-msse3 can degrade performance

I just remembered an anomalous result that I stumbled upon whilst tweaking the
command-line options to llvm-gcc. Specifically, the -msse3 flag does a great
job improving the performance of floating point intensive code on the
SciMark2 benchmark but it also degrades the performance of the int-intensive
Monte Carlo part of the test:

$ llvm-gcc -Wall -lm -O3 *.c -o scimark2
$ ./scimark2
Using 2.00 seconds min time per kenel.
Composite Score: 432.84
FFT Mflops: 358.90 (N=1024)
SOR Mflops: 473.45 (100 x 100)
MonteCarlo: Mflops: 210.54
Sparse matmult Mflops: 354.25 (N=1000, nz=5000)
LU Mflops: 767.04 (M=100, N=100)

$ llvm-gcc -Wall -lm -O3 -msse3 *.c -o scimark2
$ ./scimark2
Composite Score: 548.53
FFT Mflops: 609.87 (N=1024)
SOR Mflops: 497.92 (100 x 100)
MonteCarlo: Mflops: 126.62
Sparse matmult Mflops: 604.02 (N=1000, nz=5000)
LU Mflops: 904.19 (M=100, N=100)

The relevant code is:

  double Random_nextDouble(Random R)
  {
      int k;
  
      int I = R->i;
      int J = R->j;
      int *m = R->m;
  
      k = m[I] - m[J];
      if (k < 0) k += m1;
      R->m[J] = k;
  
      if (I == 0)
          I = 16;
      else I--;
      R->i = I;
  
      if (J == 0)
          J = 16 ;
      else J--;
      R->j = J;
  
      if (R->haveRange)
          return R->left + dm1 * (double) k * R->width;
      else
          return dm1 * (double) k;
  
  }

  double MonteCarlo_integrate(int Num_samples)
  {
      Random R = new_Random_seed(SEED);

      int under_curve = 0;
      int count;

      for (count=0; count<Num_samples; count++)
      {
          double x= Random_nextDouble(R);
          double y= Random_nextDouble(R);

          if ( x*x + y*y <= 1.0)
                under_curve ++;
      }

      Random_delete(R);

      return ((double) under_curve / Num_samples) * 4.0;
  }

The -msse3 flag? Does the -msse2 flag have a similar effect?

-Eli

Yes:

$ llvm-gcc -Wall -lm -O3 -msse2 *.c -o scimark2
$ ./scimark2
Composite Score: 525.99
FFT Mflops: 538.35 (N=1024)
SOR Mflops: 472.29 (100 x 100)
MonteCarlo: Mflops: 120.92
Sparse matmult Mflops: 585.14 (N=1000, nz=5000)
LU Mflops: 913.27 (M=100, N=100)

But -msse does not:

$ llvm-gcc -Wall -lm -O3 -msse *.c -o scimark2
$ ./scimark2
Composite Score: 540.08
FFT Mflops: 535.04 (N=1024)
SOR Mflops: 469.99 (100 x 100)
MonteCarlo: Mflops: 197.38
Sparse matmult Mflops: 587.77 (N=1000, nz=5000)
LU Mflops: 910.22 (M=100, N=100)

That was x64 and I get similar results for x86.

Is there some kind of contention between the integer and SSE registers?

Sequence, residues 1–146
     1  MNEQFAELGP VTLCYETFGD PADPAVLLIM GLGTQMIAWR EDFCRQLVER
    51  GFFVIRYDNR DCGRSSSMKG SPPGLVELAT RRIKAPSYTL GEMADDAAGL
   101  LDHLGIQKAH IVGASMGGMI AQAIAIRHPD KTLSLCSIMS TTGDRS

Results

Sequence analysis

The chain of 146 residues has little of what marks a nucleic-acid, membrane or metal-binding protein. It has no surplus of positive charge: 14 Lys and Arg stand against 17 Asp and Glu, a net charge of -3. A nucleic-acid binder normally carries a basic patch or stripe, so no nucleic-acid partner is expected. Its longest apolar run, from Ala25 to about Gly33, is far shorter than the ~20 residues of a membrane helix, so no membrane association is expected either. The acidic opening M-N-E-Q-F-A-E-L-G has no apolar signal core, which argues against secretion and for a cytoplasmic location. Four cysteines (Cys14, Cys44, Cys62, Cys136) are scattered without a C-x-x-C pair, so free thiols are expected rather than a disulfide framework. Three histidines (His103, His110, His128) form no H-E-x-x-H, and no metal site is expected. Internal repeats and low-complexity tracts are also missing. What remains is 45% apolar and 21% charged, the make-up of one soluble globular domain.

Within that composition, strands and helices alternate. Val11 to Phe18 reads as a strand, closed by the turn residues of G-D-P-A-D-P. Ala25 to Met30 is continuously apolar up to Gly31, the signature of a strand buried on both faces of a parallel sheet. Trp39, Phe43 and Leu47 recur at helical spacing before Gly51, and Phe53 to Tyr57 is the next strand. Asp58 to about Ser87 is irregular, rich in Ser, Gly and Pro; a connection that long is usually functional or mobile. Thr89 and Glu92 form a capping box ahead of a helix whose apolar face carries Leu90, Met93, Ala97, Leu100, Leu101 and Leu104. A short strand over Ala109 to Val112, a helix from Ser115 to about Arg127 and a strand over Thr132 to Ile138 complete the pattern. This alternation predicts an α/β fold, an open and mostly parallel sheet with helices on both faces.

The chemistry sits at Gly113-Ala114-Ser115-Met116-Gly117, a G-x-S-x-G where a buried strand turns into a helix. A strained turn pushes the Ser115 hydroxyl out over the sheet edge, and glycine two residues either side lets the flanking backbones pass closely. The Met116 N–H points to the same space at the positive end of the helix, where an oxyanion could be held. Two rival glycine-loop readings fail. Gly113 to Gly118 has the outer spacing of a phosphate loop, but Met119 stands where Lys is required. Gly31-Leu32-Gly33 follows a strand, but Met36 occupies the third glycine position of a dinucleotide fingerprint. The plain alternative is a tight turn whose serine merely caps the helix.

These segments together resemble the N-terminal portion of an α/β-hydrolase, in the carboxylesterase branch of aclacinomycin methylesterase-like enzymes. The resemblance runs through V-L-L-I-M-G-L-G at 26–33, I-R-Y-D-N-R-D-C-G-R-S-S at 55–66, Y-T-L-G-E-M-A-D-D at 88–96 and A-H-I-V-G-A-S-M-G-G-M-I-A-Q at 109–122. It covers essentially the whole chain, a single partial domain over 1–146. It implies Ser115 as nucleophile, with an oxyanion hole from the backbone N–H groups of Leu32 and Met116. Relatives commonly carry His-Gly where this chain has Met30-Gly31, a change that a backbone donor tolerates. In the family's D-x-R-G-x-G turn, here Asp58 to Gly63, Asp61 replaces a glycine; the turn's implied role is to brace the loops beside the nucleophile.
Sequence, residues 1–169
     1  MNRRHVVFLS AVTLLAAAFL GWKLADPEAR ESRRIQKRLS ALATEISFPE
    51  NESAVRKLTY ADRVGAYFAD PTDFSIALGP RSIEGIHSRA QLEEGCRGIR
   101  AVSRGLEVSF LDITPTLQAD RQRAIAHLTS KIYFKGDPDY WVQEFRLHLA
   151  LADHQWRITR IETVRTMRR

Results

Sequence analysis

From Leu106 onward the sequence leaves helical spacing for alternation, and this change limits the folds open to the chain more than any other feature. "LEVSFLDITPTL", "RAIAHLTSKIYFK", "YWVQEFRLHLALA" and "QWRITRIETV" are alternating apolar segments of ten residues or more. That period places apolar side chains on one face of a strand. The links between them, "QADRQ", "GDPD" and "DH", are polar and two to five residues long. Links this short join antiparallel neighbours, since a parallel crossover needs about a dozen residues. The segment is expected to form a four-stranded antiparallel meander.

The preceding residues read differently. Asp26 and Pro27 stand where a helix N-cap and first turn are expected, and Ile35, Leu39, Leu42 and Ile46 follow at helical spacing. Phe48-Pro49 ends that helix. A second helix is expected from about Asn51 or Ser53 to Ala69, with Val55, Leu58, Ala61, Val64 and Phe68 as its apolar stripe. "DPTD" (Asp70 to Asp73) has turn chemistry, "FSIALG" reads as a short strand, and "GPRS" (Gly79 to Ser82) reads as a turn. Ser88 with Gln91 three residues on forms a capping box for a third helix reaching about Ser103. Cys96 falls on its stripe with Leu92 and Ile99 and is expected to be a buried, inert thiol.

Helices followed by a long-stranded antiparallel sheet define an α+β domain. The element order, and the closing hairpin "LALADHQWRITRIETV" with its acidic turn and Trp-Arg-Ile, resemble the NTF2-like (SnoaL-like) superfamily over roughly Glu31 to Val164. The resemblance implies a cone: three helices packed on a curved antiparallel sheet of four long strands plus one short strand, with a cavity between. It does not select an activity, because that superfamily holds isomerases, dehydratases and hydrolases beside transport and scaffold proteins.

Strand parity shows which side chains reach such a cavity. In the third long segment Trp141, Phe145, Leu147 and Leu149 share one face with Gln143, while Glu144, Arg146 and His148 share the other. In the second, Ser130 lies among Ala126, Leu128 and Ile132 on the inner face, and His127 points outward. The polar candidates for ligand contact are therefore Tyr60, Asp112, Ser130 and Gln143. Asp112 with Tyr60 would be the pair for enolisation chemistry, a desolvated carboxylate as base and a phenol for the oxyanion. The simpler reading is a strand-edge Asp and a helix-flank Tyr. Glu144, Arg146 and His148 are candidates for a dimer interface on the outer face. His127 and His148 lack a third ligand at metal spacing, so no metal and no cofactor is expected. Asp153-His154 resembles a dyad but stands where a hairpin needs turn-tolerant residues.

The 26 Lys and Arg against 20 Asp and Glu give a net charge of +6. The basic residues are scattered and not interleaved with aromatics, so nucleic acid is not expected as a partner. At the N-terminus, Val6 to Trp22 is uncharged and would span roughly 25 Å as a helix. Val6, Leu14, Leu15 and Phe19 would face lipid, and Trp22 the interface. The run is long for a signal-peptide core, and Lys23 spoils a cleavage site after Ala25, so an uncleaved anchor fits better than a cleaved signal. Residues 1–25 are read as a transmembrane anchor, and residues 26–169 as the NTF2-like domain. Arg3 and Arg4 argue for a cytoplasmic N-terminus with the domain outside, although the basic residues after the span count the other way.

I just remembered an anomalous result that I stumbled upon whilst
tweaking the command-line options to llvm-gcc. Specifically, the -msse3
flag

The -msse3 flag? Does the -msse2 flag have a similar effect?

Yes:

Hi Jon,

I'm seeing exactly identical .s files with -msse2 and -msse3 on the scimark version I have. Can you please send the output of:

llvm-gcc -O3 MonteCarlo.c -S -msse2 -o MonteCarlo.2.s
llvm-gcc -O3 MonteCarlo.c -S -msse3 -o MonteCarlo.3.s

llvm-gcc -O3 MonteCarlo.c -S -msse2 -o MonteCarlo.2.ll -emit-llvm
llvm-gcc -O3 MonteCarlo.c -S -msse3 -o MonteCarlo.3.ll -emit-llvm

Thanks,

-Chris

I'm seeing exactly identical .s files with -msse2 and -msse3 on the
scimark version I have. Can you please send the output of:

llvm-gcc -O3 MonteCarlo.c -S -msse2 -o MonteCarlo.2.s
llvm-gcc -O3 MonteCarlo.c -S -msse3 -o MonteCarlo.3.s

llvm-gcc -O3 MonteCarlo.c -S -msse2 -o MonteCarlo.2.ll -emit-llvm
llvm-gcc -O3 MonteCarlo.c -S -msse3 -o MonteCarlo.3.ll -emit-llvm

Can I just check that you had noticed that my timings for those
(sse2 vs sse3)
were the same and that the difference was occurring between -msse
and -msse2
(see below)?

The x86 output is attached for those (which give the same results here too) as
well as -O3 and -O3 -msse which give different results here. Here are the
performance results I just got when redoing this on x86:

MonteCarlo: Mflops: 212.20 -O3
MonteCarlo: Mflops: 211.37 -O3 -msse
MonteCarlo: Mflops: 123.70 -O3 -msse2
MonteCarlo: Mflops: 127.22 -O3 -msse3

Ok, thanks Jon! I diff'd the files and the -msse2 and -msse3 code is identical, so we're not doing anything wrong with -msse3 :).

OTOH, the perf drop from sse -> sse2 is concerning. The difference here is that we do double math in SSE regs instead of FPStack regs. In this case, using the fp stack avoids some cross-class register copying. We could improve the code generator to notice and handle this, I added this note to the x86 backend with some details:
http://lists.cs.uiuc.edu/pipermail/llvm-commits/Week-of-Mon-20090202/073254.html

This is a long-known issue, but a great example of it.

Two other points of interest:

. I just retimed in x64 and could not reproduce the difference so this only
afflicts x86 and not x64 as I had said previously.

Right, this occurs because of the x86-32 ABI. x86-64 should not be affected.

. Pulling the whole benchmark into a single compilation unit changes the
performance results completely (still x86):

$ llvm-gcc -O3 -msse3 -lm all.c -o all
$ ./all
Composite Score: 570.07
FFT Mflops: 599.40 (N=1024)
SOR Mflops: 476.97 (100 x 100)
MonteCarlo: Mflops: 278.17
Sparse matmult Mflops: 582.54 (N=1000, nz=5000)
LU Mflops: 913.27 (M=100, N=100)
$ gcc -O3 -msse3 -lm all.c -o all
$ ./all
Composite Score: 539.20
FFT Mflops: 516.05 (N=1024)
SOR Mflops: 472.29 (100 x 100)
MonteCarlo: Mflops: 167.25
Sparse matmult Mflops: 633.20 (N=1000, nz=5000)
LU Mflops: 907.20 (M=100, N=100)

Note that llvm-gcc is achieving almost 280MFLOPS on MonteCarlo here, far
higher than any competitors, and it is outperforming gcc overall.

Great! Do you see the same results with LTO? Inlining Random_nextDouble from random.c to MonteCarlo.c should be a big win.

-Chris